Dialysis is the process in which the blood supply is filtered through a machine because the kidneys are not able to perform this function. Since dialysis patients have a weakened immune system and the dialysis process involves entering the bloodstream, there is an increased risk for acquiring a bloodstream infection.There is the potential for person-to-person transmission of infections at dialysis clinics because several patients may be receiving treatment at the same time. The equipment, supplies, and staff working at the facility are also potential sources of transmission of pathogens. Therefore, it is very important for all equipment, supplies and surfaces to be properly cleaned between each treatment. There are two main types of dialysis-related infections:
Colorado conducts surveillance on dialysis infections for outpatient dialysis centers only. Peritoneal dialysis and home dialysis are not included in the reported data. The outpatient facilities may be dedicated, stand-alone facilities, hospital-based or affiliated units that primarily serve dialysis patients.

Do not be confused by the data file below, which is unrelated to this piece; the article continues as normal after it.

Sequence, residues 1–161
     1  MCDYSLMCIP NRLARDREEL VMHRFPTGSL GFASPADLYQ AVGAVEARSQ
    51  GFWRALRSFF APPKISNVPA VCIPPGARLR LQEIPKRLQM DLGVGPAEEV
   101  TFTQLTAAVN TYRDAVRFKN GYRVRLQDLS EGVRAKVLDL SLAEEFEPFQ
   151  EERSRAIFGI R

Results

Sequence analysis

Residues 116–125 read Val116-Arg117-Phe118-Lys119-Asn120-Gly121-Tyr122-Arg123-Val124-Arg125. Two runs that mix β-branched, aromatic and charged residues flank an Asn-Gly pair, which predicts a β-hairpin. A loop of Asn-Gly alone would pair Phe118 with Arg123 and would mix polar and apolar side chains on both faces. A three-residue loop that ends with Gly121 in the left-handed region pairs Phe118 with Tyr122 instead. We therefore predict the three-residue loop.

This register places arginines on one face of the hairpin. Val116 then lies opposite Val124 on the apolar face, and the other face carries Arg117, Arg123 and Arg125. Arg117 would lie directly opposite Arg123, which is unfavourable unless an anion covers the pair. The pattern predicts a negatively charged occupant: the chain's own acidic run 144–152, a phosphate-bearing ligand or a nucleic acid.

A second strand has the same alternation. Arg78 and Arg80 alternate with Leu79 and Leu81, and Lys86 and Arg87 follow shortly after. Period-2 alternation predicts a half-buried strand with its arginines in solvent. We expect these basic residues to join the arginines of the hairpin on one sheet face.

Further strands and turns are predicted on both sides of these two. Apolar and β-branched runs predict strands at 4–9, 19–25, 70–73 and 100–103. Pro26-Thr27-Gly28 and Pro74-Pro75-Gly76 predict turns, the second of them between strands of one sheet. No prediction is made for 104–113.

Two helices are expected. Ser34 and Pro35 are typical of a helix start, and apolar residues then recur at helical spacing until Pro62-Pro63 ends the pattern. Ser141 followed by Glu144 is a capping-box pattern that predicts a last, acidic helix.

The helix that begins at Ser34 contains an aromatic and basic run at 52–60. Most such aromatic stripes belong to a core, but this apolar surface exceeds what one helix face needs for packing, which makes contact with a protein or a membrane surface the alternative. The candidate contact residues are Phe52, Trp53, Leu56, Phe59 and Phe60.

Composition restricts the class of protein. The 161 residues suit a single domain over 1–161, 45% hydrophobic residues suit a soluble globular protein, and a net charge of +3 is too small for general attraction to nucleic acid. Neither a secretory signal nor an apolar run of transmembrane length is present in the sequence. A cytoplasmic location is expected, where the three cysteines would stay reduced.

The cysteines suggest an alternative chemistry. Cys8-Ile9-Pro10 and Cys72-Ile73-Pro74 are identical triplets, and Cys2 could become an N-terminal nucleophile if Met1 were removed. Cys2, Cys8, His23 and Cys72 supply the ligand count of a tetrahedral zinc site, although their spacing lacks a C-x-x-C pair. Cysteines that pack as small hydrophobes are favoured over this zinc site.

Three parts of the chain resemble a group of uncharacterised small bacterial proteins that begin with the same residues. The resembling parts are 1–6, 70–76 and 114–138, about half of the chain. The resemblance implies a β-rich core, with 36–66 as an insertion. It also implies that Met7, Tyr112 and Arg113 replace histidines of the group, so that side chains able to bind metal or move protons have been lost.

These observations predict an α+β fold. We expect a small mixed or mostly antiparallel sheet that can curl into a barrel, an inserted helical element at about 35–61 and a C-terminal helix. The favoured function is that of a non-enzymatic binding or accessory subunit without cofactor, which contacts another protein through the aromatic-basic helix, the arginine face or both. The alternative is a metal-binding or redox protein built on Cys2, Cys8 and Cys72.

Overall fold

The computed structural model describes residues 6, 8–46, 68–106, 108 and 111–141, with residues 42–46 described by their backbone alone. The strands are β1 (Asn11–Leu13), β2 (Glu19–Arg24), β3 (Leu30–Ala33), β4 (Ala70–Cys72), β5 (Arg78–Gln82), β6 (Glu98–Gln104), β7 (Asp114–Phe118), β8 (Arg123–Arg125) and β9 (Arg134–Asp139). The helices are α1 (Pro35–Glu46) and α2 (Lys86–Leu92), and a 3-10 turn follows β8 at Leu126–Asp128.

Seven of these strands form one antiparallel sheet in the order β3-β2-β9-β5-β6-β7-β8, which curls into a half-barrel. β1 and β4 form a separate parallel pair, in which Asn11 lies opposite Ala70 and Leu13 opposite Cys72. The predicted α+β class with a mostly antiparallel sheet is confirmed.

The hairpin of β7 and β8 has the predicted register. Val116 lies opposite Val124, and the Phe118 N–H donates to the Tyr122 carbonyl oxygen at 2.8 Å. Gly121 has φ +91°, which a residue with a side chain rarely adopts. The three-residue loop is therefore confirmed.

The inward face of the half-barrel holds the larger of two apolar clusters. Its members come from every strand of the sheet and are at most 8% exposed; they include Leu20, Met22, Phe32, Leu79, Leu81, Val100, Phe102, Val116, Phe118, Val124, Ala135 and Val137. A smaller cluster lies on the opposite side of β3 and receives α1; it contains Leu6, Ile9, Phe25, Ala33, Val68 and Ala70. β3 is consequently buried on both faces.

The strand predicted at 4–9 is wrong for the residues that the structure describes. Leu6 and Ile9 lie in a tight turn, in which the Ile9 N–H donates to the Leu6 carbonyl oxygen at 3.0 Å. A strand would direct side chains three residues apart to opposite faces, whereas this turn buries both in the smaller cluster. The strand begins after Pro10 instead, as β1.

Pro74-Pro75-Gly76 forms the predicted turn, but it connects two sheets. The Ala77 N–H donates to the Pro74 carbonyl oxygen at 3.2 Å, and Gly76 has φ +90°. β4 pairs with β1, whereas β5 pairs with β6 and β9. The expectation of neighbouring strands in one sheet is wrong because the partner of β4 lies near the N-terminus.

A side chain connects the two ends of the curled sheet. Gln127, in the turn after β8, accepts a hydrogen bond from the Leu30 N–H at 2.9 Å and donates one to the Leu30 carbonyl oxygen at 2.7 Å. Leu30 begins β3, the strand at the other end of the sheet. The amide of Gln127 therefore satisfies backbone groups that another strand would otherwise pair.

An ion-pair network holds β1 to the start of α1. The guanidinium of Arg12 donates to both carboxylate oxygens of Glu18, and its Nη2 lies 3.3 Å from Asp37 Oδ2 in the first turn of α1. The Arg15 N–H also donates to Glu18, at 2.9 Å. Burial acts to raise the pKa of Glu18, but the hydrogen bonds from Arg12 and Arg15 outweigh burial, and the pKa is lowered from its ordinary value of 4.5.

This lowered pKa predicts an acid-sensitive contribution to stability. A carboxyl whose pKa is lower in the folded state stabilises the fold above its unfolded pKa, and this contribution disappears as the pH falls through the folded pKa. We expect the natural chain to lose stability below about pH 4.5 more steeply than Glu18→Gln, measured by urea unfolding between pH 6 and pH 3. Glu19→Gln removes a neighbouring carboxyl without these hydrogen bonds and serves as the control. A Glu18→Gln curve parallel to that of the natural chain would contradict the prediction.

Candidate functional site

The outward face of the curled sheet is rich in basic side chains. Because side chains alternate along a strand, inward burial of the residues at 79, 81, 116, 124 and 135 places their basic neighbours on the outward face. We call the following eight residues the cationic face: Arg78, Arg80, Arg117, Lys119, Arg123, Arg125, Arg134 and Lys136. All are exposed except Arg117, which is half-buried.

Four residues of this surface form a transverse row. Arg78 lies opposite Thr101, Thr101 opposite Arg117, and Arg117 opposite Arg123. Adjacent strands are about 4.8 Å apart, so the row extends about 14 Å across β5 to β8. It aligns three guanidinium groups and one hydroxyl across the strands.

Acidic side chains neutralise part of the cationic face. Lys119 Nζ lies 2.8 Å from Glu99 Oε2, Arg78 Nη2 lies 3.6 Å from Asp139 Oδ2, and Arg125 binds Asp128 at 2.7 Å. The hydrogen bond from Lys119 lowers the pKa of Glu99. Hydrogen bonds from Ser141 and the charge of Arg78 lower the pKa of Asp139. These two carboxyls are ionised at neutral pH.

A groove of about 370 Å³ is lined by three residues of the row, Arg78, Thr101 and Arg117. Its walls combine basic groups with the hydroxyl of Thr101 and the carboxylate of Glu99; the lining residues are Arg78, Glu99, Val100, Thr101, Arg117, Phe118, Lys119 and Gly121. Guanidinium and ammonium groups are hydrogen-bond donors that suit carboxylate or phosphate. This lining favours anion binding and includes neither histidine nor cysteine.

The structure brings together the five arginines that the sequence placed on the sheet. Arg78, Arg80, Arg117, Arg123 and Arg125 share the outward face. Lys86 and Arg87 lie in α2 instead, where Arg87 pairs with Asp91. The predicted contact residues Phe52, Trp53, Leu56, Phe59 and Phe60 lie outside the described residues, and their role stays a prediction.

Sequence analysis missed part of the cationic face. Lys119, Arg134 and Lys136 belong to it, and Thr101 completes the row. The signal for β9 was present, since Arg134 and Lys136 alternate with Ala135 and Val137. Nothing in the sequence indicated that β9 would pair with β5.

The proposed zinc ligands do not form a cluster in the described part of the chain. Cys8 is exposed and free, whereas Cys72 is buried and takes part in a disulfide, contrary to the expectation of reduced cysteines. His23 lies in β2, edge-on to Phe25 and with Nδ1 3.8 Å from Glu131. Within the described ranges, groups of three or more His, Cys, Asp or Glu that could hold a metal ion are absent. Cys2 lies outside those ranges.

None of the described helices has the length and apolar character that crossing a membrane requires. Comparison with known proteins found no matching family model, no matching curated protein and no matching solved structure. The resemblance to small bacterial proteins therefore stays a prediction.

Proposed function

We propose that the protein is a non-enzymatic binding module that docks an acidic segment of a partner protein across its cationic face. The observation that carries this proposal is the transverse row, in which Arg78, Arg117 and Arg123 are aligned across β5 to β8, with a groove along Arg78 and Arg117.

Dialysis infection rates are reported for both LAIs and ARBs. The infection rates are calculated by dividing the total number of patients by the total number of infections (either LAI or ARB) and then multiplying that number by 100. This gives the infection rate per 100 patients for both LAI and ARB. These rates are then compared to the national infection rates for both LAI and ARB and classified as statistically lower (better) than the national rate, statistically similar (same) as the national rate, or statistically higher (worse) than the national rate.
Click here to view the most recent dialysis related infection data for Colorado.
Learn more about dialysis from the Patient Safety Dialysis Bulletin by clicking here.
The CDC also has important information about dialysis infections and patient safety, find it here.